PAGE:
Dick Dorworth at City of Rocks, 2010
I met Dick Dorworth in the 1970s in the Cirque of the Towers, Wind River Range, Wyoming. I’d hiked in to the Cirque with big plans and two other girls - Anne Marie Rizzie and Linda Covert. I say “girls” intentionally, since we were teens, and college students.
Dick was guiding a client and had his wife and son with him. After the client, wife and son left, and my two friends departed early, Dick asked me to climb with him.
In my second summer of climbing and leading, I still felt new to the ropes. But, I figured, with a professional climbing guide, what can go wrong?
However, Dick wasn’t planning on climbing an easy trade route. No, he’d been eyeing an as yet unclimbed line on the North Face of Mitchell Peak (12,482′.)
N. Face of Mitchell Peak
Photo by Jason Funk
We started up early in the morning. Dick led the first pitch, which he’d climbed before on his first attempt on the face (with his client, I believe). At the belay, he pointed up and said,
“Just follow that corner until you reach a good ledge and then belay.”
I was a teenage girl. This was by far the biggest, and scariest, wall I’d ever been on. And the longest route I’d ever been on, by far. I also was used to climbing with my father, and doing what he told me. So I grabbed our nuts and hexes and climbed up the corner until I found a ledge to belay from.
We climbed about four pitches until the weather looked very threatening, and a Dick’s urging, we rappeled down.
A few days later, armed with a waterproof parka I’d borrowed form another climber, we started up again. After the first four pitches, we entered terra incognito. Dick led the next pitch, and at the belay, pointed up again.
“Just head up that flake,” he encouraged me.
I was even more nervous. Here I would lead an unknown pitch on an unclimbed route, with no idea of difficult it was. My habit of climbing up anything that someone told me I could do stood me in good stead, and I led the next pitch, which wasn’t too desperate.
We’d now climbed 6 pitches, with the angle and climbing difficulties easing off. However, the weather and nightfall more than threatened, as black clouds boiled up from behind the wall and thunder grumbled in the distance. Dick headed up quickly, and we reached the summit plateau it got dark and all hell cut loose.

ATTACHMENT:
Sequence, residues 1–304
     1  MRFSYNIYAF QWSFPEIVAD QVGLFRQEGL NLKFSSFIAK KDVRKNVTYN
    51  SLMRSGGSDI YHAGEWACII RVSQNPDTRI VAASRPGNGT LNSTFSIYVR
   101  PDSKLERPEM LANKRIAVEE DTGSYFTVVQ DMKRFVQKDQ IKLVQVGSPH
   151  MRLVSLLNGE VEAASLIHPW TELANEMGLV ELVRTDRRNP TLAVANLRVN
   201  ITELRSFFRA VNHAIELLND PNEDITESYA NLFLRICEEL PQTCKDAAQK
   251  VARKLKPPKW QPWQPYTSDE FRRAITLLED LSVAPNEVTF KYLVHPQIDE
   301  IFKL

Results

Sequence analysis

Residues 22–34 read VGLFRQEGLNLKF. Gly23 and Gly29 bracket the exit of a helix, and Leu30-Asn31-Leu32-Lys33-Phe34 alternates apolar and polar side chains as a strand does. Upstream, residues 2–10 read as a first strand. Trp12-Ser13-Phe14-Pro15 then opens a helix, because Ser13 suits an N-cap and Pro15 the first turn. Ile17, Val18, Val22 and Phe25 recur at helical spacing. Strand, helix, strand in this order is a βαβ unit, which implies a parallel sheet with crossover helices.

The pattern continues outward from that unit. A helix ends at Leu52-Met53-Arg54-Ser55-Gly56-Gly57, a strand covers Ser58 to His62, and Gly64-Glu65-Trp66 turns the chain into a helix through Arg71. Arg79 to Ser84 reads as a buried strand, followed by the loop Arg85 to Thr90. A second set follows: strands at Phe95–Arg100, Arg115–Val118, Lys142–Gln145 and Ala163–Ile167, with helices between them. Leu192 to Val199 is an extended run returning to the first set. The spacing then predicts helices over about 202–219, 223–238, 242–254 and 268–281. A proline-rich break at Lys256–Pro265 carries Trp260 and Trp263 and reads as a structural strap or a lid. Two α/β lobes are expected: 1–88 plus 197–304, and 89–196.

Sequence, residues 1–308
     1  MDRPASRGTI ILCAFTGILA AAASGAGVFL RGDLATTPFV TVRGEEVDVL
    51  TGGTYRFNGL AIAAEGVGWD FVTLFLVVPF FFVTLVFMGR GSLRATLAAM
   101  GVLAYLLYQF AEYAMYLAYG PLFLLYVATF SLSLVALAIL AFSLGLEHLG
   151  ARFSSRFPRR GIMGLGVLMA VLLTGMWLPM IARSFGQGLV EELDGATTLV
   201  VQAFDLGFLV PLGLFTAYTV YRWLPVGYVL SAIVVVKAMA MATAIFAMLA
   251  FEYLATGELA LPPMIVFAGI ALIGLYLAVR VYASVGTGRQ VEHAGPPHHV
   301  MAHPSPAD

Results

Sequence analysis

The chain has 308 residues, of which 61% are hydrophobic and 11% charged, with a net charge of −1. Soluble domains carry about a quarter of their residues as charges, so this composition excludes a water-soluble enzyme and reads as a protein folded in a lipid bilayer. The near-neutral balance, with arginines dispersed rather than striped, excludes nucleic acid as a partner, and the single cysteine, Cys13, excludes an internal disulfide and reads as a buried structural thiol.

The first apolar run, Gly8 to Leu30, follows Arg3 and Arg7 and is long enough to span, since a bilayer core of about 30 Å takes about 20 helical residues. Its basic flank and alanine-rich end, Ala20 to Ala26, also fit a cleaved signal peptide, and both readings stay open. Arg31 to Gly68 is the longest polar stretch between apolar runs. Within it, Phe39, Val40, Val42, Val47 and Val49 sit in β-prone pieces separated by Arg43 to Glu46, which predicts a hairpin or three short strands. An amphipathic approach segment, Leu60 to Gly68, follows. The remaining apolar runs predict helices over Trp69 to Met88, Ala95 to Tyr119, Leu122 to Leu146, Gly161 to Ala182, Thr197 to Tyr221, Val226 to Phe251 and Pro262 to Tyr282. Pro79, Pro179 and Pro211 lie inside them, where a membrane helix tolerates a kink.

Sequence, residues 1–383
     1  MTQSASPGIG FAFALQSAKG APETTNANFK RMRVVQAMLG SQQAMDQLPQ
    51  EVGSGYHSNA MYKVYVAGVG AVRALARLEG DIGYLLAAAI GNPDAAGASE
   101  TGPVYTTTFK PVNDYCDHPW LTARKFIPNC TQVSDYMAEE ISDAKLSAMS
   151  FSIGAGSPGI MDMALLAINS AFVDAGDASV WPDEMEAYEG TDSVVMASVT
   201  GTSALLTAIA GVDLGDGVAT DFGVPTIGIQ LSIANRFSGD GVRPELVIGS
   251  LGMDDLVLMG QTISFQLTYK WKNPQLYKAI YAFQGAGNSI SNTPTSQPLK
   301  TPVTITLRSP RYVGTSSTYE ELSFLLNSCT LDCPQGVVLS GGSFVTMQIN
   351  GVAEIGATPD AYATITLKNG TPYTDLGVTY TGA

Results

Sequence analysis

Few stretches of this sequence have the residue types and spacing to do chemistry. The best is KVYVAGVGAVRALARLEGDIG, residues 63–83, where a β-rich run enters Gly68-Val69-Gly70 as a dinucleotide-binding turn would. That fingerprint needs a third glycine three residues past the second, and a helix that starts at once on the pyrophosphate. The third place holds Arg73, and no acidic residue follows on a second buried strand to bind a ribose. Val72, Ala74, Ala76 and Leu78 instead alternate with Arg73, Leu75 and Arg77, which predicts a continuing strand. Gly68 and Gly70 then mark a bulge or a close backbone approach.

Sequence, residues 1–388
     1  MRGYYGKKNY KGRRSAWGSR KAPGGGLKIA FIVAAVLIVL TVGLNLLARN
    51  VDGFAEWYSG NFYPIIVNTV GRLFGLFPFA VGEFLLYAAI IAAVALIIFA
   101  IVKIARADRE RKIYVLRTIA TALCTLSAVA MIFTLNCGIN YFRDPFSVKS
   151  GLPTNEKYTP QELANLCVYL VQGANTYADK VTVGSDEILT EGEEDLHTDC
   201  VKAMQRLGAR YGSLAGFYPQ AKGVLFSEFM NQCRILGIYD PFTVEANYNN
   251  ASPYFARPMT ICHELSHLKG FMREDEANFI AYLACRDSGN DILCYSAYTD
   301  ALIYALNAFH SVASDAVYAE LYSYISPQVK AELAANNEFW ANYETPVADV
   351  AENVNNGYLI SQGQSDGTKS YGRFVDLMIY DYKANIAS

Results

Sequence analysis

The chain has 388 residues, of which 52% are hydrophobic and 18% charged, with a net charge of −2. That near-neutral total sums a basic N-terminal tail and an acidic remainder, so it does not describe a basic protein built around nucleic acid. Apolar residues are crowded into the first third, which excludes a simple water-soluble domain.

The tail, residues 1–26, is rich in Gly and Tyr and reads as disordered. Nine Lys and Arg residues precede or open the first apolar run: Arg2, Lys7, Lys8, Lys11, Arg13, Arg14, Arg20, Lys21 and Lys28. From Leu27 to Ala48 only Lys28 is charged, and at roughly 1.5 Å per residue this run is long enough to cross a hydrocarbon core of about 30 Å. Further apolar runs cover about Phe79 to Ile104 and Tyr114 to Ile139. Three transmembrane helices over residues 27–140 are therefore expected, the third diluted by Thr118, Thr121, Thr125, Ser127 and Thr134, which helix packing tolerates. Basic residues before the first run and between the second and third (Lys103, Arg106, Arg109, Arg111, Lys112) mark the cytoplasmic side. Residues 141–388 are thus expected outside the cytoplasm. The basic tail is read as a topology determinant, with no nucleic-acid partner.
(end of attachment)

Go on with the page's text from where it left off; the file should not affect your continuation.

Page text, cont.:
Luckily I was wearing the borrowed parka. Dick found an overhanging ledge we crawled under, as hail pounded us and wild lightning strikes lit up the summit.
I’d never been in such a storm in such an exposed place.
“Are we going to make it?” I quavered, sure that we’d be forced to spend the night up here, and not at all sure that we’d survive it.
“I know the descent.” Dick reassured me. ” I f we can find the gully, I know were the rappel anchors are. We carried no headlamps - I didn’t own one, and headlamps in those days were big, clumsy things.
Once the brunt of the storm eased, we crawled on hands and knees toward the edge, looking for rappel anchors during the brightest lightning strikes.
Somehow we found the anchors and commenced rappelling. After numerous raps on soaking ropes, from which streams of water ran down our arms, we reached more crawlable terrain.
Eventually, close to midnight, we spied a roaring fire. Our friends, knwoing we were out there, had built an enormous bonfire to help light our way back to camp.
We happily crawled in next to the fire to dry off, and eat some lunch and dinner.
Dick named our climb ‘the book of Ecclesiastes’, perhaps to commemorate out trial by water and fire.
This year, my friend and mentor, Dick Dorworth, was nominated to the Ski and Snowboard Hall of Fame for his world speed record and his many books and articles.